Already, formally such physical exchanges exist and are at the centre of much student mobility. These need to be positively promoted. It is important to recognize, for instance, the Fulbright and Marshall scholarships, the Rhodes Trust and Harkness Trust coming from the USA where “Study abroad” as a feature of the higher education environment and transatlantic cooperation (especially with UK) and the Anglo-phone world for many years. For example, the number of US students pursing an undergraduate degree in the UK increased 133% between 1996 – 2005 with postgraduates increasing by 28%. In Europe the Bologna Agreement is furthering continental and intercontinental cooperation as well as increasing exchanges through the Erasmus and Socrates programmes. These are only part of the increasing trend that has increased the number of nations involved in international exchange since the 1990’s. It is important also to note that Europe and the USA no longer hold a complete monopoly over the study abroad market as China, India, Argentina and Brazil are emerging together with a number of African Nations.
(8) Foreign students as catalysts of dialogue and cultural exchange.
Pope Benedict is also at pains to remind us that such a humanism that promotes charity can come about as “fruitful dialogue between faith and reason cannot but render the work of charity more effective within society, and it constitutes the most appropriate framework for promoting fraternal collaboration between believers and non-believers in their shared commitment to working for justice and the peace of the human family”. Such dialogue can also lead to learning to value the importance of the principle that “the governance of globalization must be marked by subsidiarity”. Benedict XVI continues also to speak of such cooperation for development as one that is not solely concerned with a dimension which is economic but also “offers a wonderful opportunity for an encounter between cultures and peoples”. This is very important as the Pope warns that “if the parties to cooperation on the side of economically developed countries — as occasionally happens — fail to take account of their own or others’ cultural identity, or the human values that shape it, they cannot enter into meaningful dialogue with the citizens of poor countries”.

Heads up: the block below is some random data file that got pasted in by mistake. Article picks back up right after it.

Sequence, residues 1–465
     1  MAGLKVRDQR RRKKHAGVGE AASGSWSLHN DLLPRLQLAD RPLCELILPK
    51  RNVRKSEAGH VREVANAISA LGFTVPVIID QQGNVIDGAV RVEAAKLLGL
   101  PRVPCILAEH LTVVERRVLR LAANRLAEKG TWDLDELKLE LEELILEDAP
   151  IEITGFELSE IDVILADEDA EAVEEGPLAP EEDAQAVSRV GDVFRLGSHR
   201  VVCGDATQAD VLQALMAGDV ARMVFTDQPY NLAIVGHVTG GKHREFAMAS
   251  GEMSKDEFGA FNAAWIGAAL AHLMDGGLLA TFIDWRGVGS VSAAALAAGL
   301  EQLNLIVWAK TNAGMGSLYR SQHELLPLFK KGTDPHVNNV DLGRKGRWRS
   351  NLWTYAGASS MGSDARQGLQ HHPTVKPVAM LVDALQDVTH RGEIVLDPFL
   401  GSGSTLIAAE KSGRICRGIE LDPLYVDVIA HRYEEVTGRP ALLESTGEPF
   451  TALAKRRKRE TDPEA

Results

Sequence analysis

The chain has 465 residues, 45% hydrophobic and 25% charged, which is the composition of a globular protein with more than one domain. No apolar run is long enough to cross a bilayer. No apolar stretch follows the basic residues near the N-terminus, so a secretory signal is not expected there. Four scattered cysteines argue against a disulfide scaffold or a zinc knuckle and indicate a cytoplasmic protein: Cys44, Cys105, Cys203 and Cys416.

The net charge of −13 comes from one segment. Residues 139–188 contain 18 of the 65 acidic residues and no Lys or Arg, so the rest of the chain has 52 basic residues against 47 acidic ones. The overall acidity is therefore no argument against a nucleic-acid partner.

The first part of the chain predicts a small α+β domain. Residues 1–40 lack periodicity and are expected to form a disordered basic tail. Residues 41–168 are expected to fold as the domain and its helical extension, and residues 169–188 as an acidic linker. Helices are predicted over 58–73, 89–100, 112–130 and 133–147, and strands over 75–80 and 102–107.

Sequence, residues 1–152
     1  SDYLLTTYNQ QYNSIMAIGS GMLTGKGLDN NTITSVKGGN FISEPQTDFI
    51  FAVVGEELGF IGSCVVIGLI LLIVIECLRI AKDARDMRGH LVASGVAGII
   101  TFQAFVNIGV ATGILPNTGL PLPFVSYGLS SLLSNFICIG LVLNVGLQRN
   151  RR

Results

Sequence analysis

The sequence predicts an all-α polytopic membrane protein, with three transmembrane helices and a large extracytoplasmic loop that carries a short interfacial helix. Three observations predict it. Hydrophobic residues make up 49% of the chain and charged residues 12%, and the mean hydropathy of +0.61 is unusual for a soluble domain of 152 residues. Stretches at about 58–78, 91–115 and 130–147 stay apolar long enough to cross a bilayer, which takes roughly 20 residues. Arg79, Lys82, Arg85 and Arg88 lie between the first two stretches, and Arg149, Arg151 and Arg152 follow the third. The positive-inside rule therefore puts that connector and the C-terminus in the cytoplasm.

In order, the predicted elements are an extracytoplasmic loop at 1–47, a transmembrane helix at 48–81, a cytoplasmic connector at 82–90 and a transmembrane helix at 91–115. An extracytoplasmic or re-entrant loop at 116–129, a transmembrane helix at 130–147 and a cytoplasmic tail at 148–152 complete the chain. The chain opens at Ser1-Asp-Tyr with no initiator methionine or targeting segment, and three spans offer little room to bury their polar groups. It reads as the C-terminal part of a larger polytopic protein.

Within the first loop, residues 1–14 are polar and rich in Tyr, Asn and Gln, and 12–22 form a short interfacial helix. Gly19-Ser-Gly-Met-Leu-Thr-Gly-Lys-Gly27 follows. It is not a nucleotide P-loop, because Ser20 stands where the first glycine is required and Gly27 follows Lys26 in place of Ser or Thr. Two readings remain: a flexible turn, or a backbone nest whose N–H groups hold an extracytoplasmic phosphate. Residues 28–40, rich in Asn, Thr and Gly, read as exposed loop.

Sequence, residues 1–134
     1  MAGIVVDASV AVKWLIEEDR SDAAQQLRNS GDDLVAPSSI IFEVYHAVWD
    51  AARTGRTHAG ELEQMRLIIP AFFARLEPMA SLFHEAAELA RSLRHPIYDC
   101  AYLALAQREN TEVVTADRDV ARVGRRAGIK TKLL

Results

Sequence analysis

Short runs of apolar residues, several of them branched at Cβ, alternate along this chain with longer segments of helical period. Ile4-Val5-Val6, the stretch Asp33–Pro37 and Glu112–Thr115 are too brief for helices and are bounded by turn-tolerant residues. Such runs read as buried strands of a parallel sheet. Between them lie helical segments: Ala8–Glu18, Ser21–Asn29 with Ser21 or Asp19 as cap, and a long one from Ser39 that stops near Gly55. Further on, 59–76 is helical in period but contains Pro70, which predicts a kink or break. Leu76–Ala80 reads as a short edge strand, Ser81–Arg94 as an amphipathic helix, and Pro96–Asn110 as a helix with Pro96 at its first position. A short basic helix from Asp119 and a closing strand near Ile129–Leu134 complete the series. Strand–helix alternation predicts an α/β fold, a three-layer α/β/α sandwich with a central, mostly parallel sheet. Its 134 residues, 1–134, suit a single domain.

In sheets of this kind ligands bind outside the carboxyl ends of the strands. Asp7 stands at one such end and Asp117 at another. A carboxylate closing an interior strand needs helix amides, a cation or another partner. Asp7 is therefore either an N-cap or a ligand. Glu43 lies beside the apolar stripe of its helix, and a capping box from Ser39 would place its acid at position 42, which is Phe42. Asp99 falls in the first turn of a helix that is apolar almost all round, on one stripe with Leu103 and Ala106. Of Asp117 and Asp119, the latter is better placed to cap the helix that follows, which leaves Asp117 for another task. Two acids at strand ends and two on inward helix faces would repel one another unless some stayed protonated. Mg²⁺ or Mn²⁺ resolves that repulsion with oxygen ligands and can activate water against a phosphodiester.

Pope Benedict also reminds us that “technologically advanced societies must not confuses their own technological development with presumed cultural superiority, but rather must discover within themselves the oft-forgotten virtues which has made it possible for them to flourish throughout their history”. In this there is a unique and special witness for the Church for our dialogue and welcome of foreigners in our midst, in any case, “requires that the catholic communities welcoming them should be all the more aware of their own identity, verify their faith in Christ, know well what their faith teaches, rediscover their missionary calling and therefore commit themselves to bear witness to Jesus the Lord and His gospel. This is… the prerequisite for conducting a sincere dialogue that is open, respects all, but is neither ingenuous nor ill equipped”.
We also need to be reminded that the University is above all ‘a cultural laboratory where things happen before they spread to society at large. Whatever takes place here is like work done in a laboratory, intended to be carried outside’.
(9) Higher education as a means of development.
Caritas in Veritate is clear in its humanistic principles when it says that “The development of peoples is intimately linked to the development of individuals” and that “Development is impossible without upright men and women, without financiers and politicians whose consciences are finely attuned to the requirements of the common good.”. The development of our universities as athenaeums for developing and preparing young men and women to be the leaders, thinkers and role models of the future is essential. For the foreign student, this is indispensable to prepare him or her for their return home to country of origin. Moreover, Pope Benedict goes further in calling for the active participation of the poor themselves and effective involvement of civil society, Catholic groups and mediating institutions in the design and carrying out of development strategies. Poor persons, communities, and nations have the right and duty to actively participate in the planning and implementation of development programmes designed to promote human development and reduce poverty. Once again in this the universities have a part to play because “Universities and colleges have a profound responsibility to ensure that they supply young citizens from around the world with the deep understanding, and the intellectual tools, which they need to become wise leaders of commerce, industry and politics in a world that is at once conceptually borderless and in some ways more fraught than ever by national conflicts. Without that capacity, there is a danger that this sense of being a citizen of the planet could engender a sense lacking personal roots or values, or to an elitist blindness to the lived realities of much of the world.”
(10) Foreign students as migrants.